Australian Monthly Climate Summary: October 2008
Monday 3 November, 2008
October 2008 was warm through most of Australia, especially the south-east. It was also an exceptionally dry month in central and south-eastern Australia, ranking as the driest October on record for South Australia and in the driest three Octobers in Victoria and Tasmania.
Both daytime maximum and overnight minimum temperatures were above the long-term average over most of Australia, with maximum temperatures 1.76°C above the long-term normal (7th highest on record), and overnight minimum temperatures 1.33°C above normal (3rd highest on record).
Daytime temperatures were particularly warm, ranking in the top four Octobers for every state except Queensland and Western Australia, with Victoria setting a new record (2.73°C above normal). They were above normal everywhere except for parts of south-eastern and central Queensland and a few patches on the coasts of southern Western Australia and western Tasmania, and the bulk of the continent away from these areas was at least 1°C above normal. The largest deviations from average, typically 3−4°C, were in northern Victoria, eastern South Australia and southern inland New South Wales, although in most of those areas October 2006 was even warmer.
While the absolute difference from long-term averages was smaller than it was further south, the Top End of the Northern Territory (generally 1−2°C above normal) generally had its hottest October on record, with Darwin equalling its record for the warmest mean maximum for any month. October records were also set east of Melbourne, and around Ceduna and on Kangaroo Island in South Australia.
Overnight minimum temperatures were also above normal over most of Australia, and South Australia had its warmest October nights on record (1.91°C above normal). Minima were 2−3°C above normal in a band extending along the Tropic of Capricorn from the Pilbara region of Western Australia, through the southern Northern Territory into much of western Queensland, and were at least 1°C above normal in most of Western Australia except for the Kimberley, South Australia north of Port Augusta, the Northern Territory south of Tennant Creek, north-western New South Wales and western and far northern Queensland. Local records were set in parts of western South Australia, and in the Esperance region in Western Australia.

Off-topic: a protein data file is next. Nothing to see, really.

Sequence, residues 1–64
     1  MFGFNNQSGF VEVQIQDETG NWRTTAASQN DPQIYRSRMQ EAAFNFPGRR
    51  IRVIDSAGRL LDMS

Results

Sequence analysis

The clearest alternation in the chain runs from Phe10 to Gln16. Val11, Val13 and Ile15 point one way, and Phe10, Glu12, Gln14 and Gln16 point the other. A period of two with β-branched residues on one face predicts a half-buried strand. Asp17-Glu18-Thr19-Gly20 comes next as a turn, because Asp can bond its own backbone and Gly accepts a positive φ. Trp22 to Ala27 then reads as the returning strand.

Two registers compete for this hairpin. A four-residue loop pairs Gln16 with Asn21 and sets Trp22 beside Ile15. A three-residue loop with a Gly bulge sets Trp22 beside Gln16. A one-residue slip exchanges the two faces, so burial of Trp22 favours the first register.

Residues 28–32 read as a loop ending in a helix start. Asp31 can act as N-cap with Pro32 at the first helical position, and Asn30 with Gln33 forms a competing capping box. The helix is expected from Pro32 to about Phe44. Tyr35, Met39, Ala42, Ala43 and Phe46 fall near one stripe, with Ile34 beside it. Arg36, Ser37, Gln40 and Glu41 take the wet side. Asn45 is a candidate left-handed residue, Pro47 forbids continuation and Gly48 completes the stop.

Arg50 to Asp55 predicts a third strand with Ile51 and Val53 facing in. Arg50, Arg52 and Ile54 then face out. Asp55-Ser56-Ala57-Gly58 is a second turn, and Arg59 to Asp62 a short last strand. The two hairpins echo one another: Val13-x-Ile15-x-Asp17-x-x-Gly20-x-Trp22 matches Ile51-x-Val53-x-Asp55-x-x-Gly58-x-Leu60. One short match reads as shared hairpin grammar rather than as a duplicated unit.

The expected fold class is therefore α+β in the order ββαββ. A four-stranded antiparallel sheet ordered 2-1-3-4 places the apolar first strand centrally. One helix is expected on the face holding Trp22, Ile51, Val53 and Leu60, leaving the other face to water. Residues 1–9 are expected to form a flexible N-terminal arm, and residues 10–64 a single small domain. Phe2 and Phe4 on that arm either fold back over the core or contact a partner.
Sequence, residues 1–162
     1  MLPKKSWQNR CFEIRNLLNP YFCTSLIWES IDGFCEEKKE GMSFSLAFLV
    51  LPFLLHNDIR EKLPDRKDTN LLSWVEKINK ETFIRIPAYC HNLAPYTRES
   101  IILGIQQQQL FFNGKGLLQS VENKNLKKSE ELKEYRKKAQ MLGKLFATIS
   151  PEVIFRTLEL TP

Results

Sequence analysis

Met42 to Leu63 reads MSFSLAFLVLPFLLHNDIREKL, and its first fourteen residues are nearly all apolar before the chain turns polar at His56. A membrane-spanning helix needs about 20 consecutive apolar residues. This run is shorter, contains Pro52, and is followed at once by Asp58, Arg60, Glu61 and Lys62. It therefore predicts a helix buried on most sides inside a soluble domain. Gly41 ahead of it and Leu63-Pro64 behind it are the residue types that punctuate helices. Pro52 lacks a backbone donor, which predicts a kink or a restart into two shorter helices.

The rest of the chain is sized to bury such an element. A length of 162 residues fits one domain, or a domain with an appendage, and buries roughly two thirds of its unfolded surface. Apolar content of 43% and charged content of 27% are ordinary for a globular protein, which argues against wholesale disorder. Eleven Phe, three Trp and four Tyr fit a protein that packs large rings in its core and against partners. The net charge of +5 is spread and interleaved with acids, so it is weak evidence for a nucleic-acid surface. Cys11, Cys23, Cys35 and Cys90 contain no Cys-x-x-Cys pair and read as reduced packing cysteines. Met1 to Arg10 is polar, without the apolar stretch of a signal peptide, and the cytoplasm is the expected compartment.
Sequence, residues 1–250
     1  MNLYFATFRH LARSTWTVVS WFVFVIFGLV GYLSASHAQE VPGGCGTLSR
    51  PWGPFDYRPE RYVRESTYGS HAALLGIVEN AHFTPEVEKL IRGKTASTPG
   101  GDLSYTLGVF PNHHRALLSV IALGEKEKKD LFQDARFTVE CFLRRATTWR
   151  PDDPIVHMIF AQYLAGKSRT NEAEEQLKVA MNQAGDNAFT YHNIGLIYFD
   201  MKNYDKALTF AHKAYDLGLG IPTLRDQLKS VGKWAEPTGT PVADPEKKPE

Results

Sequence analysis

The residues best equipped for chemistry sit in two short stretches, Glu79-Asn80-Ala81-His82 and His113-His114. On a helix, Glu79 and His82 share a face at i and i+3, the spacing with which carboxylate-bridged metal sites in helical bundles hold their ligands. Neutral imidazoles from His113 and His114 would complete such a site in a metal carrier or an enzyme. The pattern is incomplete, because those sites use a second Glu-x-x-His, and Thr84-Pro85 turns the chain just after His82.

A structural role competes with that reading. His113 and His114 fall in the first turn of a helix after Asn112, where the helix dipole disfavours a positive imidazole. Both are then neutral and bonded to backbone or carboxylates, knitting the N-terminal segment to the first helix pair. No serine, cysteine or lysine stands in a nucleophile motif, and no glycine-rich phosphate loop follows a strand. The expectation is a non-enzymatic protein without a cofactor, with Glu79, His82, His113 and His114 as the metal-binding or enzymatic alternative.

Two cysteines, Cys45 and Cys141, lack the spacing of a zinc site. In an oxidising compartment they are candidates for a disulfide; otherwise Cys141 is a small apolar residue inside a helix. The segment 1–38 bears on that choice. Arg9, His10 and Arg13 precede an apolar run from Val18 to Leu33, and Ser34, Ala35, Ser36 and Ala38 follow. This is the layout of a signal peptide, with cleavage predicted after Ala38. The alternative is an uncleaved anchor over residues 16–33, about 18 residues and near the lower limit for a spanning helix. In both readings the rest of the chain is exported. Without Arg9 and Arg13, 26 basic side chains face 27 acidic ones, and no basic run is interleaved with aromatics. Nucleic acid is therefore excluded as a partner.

In contrast, overnight minimum temperatures were slightly (mostly less than 1°C) below normal in most of western and northern Victoria, extending into south-eastern South Australia, with locally damaging frosts on 23 October. Low soil moisture may have contributed to this. They were also slightly below normal in parts of eastern Queensland, and in a band across the north-central Northern Territory centred on Katherine.
* Anomaly is the difference from the long-term average
Rainfall averaged over Australia was 41% below normal for the month (25th lowest on record). It was an exceptionally dry month in much of central and south-eastern Australia. South Australia (88% below normal) had its driest October on record, Tasmania (59%) its second-driest and Victoria (77%) its third-driest. Rainfall was in the lowest decile almost throughout these three states, as well as along the western and southern borders of New South Wales. No rain fell in much of central Australia. Record low monthly totals occurred in east-central Tasmania, and in the northern Eyre Peninsula and the far south-east in South Australia. This was the second successive very dry month in these areas (and the third successive year with a very dry September-October), and year-to-date totals are also very low, with numerous locations (including Mount Isa, Alice Springs and Hobart) potentially on track for record low annual totals.
Rainfall was closer to normal (or seasonally low) in most other regions. It was quite a wet month in the south-west of Western Australia, with most areas (except the coastal strip between Perth and Bunbury) above normal. The eastern part of the region was particularly wet, with a band of falls in the highest decile (including a few record highs) extending eastwards from Merredin as far as the western Nullarbor. Rainfall was also above normal (sometimes in the highest decile) in parts of the Pilbara and Kimberley, but these areas are seasonally dry and the totals involved were small (mostly below 25 mm). Other above-normal areas included parts of the northern NT Top End favoured by early-season storms, northern Cape York Peninsula and the coast around Cairns in Queensland, and parts of southern inland Queensland and north-eastern NSW, but only a few locations reached the highest decile.